The best way to maximize your Social Security retirement benefits is to wait as long as possible to apply for them — ideally until age 70, when you can get your highest possible monthly payment. Nearly three-quarters of non-retired Americans know this, according to the 2023 Schroders U.S. Retirement Survey. But at least 40% still plan to claim benefits between the ages of 62 and 65, when they haven’t even reached full retirement age (67 for most non-retirees).
There are plenty of reasons for this. More than four in 10 respondents (44%) are afraid Social Security will run out of money — unlikely scenario, even as a major funding source is headed for depletion. A little more than one-third of respondents said they need the money, while a similar percentage said they wanted access to the money as soon as possible.
A separate analysis from the National Academy of Social Insurance (NASI) found that while older Americans are living longer and healthier lives now than in the past, more than 10 million are in physically demanding jobs that make it difficult to keep working to full retirement age or beyond. Many will have to retire early and claim Social Security early, meaning they could be sacrificing thousands of dollars a year in benefits.
This is a particular problem for workers of color, who are “far more likely than their White peers” to have physically challenging jobs, according to the NASI. Among workers 58 and older, just more than 40% of White older men had such jobs as of 2014. That compares to roughly half of older Black and Asian workers and more than 60% of older Latino workers.
The NASI report, published in September 2023 by the Older Workers Retirement Security Task Force, explored the many challenges facing these “invisible” older workers and identified and assessed policy options to address the challenges. Some of the options require legislative action, but not all do.
Here are four Social Security reforms that could provide a boost to older Americans who can’t work until full retirement age.
Raise the Social Security Minimum Benefit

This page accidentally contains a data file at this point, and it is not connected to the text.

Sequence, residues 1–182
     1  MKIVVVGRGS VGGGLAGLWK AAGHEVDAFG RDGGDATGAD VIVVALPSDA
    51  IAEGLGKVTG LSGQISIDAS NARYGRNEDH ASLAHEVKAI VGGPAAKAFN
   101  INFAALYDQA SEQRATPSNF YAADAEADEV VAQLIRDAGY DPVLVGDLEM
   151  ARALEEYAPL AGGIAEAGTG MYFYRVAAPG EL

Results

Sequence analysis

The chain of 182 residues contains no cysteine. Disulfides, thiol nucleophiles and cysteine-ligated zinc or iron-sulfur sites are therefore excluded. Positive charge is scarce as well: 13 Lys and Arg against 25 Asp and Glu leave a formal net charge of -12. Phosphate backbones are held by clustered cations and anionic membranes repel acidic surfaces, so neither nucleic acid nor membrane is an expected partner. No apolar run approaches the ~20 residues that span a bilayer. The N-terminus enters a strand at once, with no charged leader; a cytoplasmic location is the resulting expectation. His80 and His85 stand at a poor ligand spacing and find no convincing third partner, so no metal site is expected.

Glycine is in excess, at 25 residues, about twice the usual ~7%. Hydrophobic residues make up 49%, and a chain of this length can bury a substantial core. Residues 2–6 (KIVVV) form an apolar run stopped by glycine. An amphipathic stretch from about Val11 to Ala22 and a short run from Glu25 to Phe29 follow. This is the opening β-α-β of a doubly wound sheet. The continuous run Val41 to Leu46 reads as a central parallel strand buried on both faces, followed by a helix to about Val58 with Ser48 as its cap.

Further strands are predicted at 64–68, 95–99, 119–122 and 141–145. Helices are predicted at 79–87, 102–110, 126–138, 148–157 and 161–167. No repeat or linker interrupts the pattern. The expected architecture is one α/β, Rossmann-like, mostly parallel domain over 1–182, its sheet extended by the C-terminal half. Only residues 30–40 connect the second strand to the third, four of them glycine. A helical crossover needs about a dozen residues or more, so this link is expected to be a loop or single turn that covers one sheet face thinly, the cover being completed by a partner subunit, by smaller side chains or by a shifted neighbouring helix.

The idea here is to bring the minimum benefit “into alignment” with both its original intent and with peer Organization for Economic Co-operation and Development nations while boosting financial security for “precarious” older workers, according to the NASI.
As CNBC reported, some lawmakers are already eyeing a change to the minimum benefit. One congressional proposal, the Social Security 2100 Act, would lift an estimated 5 million people out of poverty by raising the minimum benefit, according to U.S. Rep. John Larson (D-Conn.).
Create a Bridge Benefit
A bridge benefit would provide added income for certain workers and reduce the “lasting penalty” of lower monthly benefits, according to the NASI. It would start at age 62 — the earliest age you can claim Social Security — and last until the full retirement age of 67. Claimants would receive half the difference between what they would receive at full retirement age vs. age 62.
CNBC provided the following example: If someone is eligible for $1,000 a month in Social Security benefits at full retirement age, and a $700 reduced benefit at age 62, a bridge benefit would let them receive $850 at 62.
Revise the Social Security Earnings Test
If you receive Social Security benefits but still earn outside income by working, the Social Security Administration has an earnings test that reduces your benefits before you reach full retirement age.
If you are under FRA for the entire year, the SSA deducts $1 from your benefit payment for every $2 you earn above the annual limit. The SSA counts your earnings only up to the month before you reach your FRA — not your earnings for the entire year. For 2023, the limit for recipients not reaching FRA is $21,240, but that will rise to $22,320 in 2024.
Changing the earnings test could reduce disincentives to work while simplifying the program’s administrative processes, according to the NASI.
Let Workers Claim Partial Early Benefits
As the NASI noted, this proposal would “incentivize part-time work and reduce penalties at no cost to the program.” It also would help certain beneficiaries make up for any lost income while also limiting the penalties for claiming before full retirement age.
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